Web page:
CyberDefender is an example of malicious software that poses as an anti-virus software. CyberDefender runs a fake computer scan, then lists a number of “threats” that are really non-existent files, random files, or files that are essential to the computer’s performance. When the user attempts to remove these threats, CyberDefender asks the user to purchase the software. If the user declines, CyberDefender displays a reminder to purchase the software every 30 seconds. CyberDefender also prevents the user from uninstalling the software through conventional means.
Where CyberDefender Comes from
CyberDefender is most often introduced to a computer when someone downloads and installs the program under the assumption that it is a real anti-virus software. This is because CyberDefender is specifically marketed as an anti-virus software and can be found on many websites that allow people to download free software. However, CyberDefender may also be installed on a computer if it is hiding in an unrelated folder or executable file.
How to Remove CyberDefender
Regardless of how CyberDefender was installed on a computer, there are several methods of removing it, despite the software’s attempts to prevent this. One method of removing CyberDefender is by manually searching for related files and deleting them. However, this can be very time consuming and may be futile if CyberDefender has several copies of itself on the computer or is hiding in a file that does not contain its name. Another method of removing CyberDefender is by running real anti-virus software, such as Spyware Terminator, Malwarebytes’ Antimalware, or Advanced SystemCare. Real anti-virus software may require the user to disable CyberDefender from the computer’s Startup files before it can be completely removed.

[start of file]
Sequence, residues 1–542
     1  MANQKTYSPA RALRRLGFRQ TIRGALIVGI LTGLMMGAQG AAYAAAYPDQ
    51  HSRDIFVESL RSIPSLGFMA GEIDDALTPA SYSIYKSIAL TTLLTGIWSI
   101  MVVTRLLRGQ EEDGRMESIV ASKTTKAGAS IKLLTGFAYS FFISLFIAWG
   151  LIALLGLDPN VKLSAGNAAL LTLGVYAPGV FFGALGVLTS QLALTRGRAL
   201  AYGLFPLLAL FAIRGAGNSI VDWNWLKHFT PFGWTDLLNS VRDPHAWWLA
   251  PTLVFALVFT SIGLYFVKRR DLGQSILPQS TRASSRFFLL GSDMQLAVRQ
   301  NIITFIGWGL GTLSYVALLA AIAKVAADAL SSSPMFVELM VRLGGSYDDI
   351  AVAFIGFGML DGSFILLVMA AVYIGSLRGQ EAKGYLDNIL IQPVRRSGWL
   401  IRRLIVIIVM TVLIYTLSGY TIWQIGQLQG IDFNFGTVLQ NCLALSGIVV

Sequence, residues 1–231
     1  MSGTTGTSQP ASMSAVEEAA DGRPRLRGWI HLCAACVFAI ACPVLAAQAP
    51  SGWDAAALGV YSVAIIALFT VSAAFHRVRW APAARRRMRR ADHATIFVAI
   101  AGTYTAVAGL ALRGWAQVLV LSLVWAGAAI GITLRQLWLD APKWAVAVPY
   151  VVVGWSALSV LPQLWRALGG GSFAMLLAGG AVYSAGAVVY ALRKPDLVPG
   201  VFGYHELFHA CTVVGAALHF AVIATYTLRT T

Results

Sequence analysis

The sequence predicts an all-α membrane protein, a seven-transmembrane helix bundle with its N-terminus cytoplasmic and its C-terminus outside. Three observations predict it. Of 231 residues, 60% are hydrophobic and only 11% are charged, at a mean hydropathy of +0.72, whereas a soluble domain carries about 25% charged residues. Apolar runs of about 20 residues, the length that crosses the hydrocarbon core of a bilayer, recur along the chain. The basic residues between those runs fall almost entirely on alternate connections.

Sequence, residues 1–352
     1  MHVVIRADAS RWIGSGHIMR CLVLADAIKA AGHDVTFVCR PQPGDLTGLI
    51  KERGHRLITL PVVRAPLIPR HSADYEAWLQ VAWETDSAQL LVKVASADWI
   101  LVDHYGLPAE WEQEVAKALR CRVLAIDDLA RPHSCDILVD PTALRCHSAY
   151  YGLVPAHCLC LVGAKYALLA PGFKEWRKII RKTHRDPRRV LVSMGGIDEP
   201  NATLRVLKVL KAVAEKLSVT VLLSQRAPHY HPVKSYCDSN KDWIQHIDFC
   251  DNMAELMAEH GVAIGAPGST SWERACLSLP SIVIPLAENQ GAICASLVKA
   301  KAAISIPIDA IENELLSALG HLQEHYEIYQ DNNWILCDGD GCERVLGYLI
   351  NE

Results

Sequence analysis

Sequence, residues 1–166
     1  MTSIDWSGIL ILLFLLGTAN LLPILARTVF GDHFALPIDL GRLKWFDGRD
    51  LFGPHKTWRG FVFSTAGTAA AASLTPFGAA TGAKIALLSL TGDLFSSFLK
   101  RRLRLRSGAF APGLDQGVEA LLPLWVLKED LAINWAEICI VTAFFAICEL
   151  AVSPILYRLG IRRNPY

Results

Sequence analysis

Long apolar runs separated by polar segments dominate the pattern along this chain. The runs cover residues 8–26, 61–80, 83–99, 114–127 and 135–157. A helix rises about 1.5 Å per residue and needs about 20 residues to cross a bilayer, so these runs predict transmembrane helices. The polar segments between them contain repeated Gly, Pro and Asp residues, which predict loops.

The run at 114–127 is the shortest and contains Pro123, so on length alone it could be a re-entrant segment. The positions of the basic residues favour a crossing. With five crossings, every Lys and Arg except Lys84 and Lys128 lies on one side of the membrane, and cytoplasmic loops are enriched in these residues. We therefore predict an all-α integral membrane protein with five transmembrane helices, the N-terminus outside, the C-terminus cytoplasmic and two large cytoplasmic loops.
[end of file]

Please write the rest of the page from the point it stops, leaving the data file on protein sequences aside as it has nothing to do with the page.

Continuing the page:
How to Prevent Programs from Being Installed
Once CyberDefender is removed, the user should consider implementing a method of preventing similar programs from being installed. In the case of CyberDefender, the software heavily depends on ignorance in order for the user to download and install the program himself/herself. This means that users should always research programs before they download them in order to ensure no malicious programs are ever installed. However, some malicious programs find other ways to enter a computer. Some enter computers through cookies, innocent files, or direct attacks on the user’s firewall. In these cases, regular anti-virus software and/or a real-time shield use should prevent malicious software from being installed.